KGI Securities analyst Ming-Chi Kuo just released a new report, outlining some of his expectations for Apple’s 2017 iPhone. He is expecting some structural changes that include a whole new Touch ID fingerprint reader. Kuo believes Apple is designing this fingerprint reader to get rid of bezels. In order to do so, the company needs to design a brand new optical sensor that will sit under the glass. He says the development is underway, but early enough to be ready in time for 2017 iPhone.
“Apple may switch to a film sensor from the current FPCB sensor in order to provide better 3D Touch user experience, as a film sensor offers higher sensitivity. Also, we expect the new OLED iPhone will come with a flexible OLED panel. To avoid deforming the form factor of the flexible OLED panel from touch operation pressure, a metal structural part will be placed under the film sensor to provide more robust structural support.”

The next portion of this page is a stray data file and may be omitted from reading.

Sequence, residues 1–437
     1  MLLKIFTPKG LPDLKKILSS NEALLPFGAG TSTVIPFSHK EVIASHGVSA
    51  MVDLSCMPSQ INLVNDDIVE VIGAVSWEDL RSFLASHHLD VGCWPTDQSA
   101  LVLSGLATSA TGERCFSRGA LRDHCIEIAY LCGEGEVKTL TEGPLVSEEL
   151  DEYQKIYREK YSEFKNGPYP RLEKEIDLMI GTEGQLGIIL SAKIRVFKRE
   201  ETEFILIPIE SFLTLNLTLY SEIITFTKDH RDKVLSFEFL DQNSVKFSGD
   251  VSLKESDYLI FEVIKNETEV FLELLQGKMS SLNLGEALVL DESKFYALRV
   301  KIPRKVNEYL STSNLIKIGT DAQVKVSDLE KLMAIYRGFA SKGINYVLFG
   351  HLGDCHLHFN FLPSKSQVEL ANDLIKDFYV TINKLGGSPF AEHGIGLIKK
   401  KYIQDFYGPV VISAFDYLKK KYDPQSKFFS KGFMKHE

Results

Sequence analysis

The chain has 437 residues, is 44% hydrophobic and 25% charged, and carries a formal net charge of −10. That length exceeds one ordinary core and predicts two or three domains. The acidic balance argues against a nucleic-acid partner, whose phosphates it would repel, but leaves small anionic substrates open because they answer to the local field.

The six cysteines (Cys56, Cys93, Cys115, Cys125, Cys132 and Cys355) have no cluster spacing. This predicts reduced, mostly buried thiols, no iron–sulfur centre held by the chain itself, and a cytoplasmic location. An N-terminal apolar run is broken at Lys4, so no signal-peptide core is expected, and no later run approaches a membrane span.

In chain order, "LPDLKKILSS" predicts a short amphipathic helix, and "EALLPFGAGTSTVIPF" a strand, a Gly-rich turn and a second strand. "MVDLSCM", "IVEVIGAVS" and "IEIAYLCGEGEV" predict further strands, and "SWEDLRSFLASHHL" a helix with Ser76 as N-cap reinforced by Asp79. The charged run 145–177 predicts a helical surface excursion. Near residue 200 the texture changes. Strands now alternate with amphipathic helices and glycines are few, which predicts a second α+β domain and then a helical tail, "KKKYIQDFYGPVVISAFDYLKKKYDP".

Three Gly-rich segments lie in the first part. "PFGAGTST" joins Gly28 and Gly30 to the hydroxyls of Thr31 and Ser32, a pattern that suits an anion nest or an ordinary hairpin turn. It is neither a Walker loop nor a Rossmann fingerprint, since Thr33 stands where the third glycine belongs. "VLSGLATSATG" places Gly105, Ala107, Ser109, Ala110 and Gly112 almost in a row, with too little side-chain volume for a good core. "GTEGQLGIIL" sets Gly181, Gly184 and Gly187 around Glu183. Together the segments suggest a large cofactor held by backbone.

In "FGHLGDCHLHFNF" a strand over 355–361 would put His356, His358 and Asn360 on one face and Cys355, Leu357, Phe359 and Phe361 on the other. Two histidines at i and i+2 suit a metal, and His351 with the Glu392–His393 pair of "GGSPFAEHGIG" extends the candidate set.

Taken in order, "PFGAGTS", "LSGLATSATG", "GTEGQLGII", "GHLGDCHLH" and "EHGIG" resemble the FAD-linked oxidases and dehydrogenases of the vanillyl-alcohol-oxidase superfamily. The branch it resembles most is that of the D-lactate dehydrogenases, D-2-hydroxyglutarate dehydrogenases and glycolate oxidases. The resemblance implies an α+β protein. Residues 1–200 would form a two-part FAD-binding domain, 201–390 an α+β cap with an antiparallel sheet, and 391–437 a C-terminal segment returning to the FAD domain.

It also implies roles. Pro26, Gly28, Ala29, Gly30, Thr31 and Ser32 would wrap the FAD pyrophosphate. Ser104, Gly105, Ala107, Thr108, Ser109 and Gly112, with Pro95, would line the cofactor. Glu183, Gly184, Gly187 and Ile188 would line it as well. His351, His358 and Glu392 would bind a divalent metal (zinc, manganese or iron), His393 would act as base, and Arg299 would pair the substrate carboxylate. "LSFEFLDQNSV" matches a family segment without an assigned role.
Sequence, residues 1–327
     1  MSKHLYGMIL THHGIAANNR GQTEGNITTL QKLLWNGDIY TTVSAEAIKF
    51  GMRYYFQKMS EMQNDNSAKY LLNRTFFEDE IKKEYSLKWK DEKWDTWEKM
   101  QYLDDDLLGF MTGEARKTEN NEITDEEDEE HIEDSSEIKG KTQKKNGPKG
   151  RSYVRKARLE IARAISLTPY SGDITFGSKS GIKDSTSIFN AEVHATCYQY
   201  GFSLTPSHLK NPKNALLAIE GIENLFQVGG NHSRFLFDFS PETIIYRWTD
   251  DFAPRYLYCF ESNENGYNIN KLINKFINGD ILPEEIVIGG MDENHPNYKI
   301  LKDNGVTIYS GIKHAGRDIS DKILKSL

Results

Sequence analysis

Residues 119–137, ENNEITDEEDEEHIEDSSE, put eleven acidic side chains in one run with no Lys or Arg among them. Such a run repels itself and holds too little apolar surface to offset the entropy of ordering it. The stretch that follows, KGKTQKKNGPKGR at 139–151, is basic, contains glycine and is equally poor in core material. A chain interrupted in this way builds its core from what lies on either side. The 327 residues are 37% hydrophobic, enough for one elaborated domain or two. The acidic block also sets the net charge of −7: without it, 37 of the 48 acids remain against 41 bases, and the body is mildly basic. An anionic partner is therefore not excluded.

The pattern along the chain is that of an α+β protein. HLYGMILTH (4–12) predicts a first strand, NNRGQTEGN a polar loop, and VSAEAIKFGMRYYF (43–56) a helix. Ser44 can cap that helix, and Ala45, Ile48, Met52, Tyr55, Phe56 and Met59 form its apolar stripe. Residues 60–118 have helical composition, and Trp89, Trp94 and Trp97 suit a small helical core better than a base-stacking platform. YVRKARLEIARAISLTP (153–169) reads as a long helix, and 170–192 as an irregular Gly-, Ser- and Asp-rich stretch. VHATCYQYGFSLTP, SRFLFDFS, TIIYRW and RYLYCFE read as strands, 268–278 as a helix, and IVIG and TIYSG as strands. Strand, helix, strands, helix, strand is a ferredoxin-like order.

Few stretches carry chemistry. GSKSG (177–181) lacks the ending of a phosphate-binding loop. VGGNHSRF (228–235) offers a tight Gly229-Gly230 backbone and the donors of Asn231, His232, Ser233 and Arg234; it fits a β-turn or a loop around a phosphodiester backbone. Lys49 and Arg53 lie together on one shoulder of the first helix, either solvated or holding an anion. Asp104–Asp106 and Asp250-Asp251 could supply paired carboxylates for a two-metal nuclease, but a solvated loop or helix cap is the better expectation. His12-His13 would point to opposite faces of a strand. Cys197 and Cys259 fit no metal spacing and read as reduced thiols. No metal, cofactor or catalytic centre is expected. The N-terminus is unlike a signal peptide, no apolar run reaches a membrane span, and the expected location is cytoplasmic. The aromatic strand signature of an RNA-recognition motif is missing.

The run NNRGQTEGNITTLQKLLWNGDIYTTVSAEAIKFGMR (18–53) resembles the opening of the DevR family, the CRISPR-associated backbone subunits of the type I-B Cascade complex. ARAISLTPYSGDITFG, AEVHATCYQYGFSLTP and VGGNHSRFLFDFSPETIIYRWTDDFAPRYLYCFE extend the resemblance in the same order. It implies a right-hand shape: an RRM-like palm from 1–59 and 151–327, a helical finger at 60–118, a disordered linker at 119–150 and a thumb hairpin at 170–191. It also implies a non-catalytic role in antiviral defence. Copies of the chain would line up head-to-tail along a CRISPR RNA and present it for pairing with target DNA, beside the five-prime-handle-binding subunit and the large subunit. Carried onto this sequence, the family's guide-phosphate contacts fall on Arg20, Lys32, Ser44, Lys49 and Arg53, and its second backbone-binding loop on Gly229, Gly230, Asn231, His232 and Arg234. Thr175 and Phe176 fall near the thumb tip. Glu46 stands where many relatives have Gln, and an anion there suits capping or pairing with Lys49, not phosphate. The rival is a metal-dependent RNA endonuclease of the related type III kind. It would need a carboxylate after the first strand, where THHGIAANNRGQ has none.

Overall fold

The future iPhone may not even require a fingerprint reader. KUO claims this feature may be phased out in favor of a facial recognition system. Facial recognition is nothing new, but need to be advanced to overcome technical challenges if you want to ditch fingerprint reader in the long run.
“Judging by the bio-recognition patents that Apple has applied for, we believe it is leaning toward facial recognition technology rather than iris recognition. However, we note that the technical challenges of facial recognition include: (1) algorithms; (2) hardware design; and (3) the build-out of a database for verification and authentication, which could be time consuming. As such, before Apple can fully replace the fingerprint system with facial recognition, a combination of the two steps of bio-recognition could be a valid solution for enhancing transactions security.”
Don’t get impatient if these predicted features don’t make the cut. Analysts may have the inside track o future products, but that information could be incomplete and subjected to change. However, one thing is sure; interacting with your iPhone will be a lot easier in the future.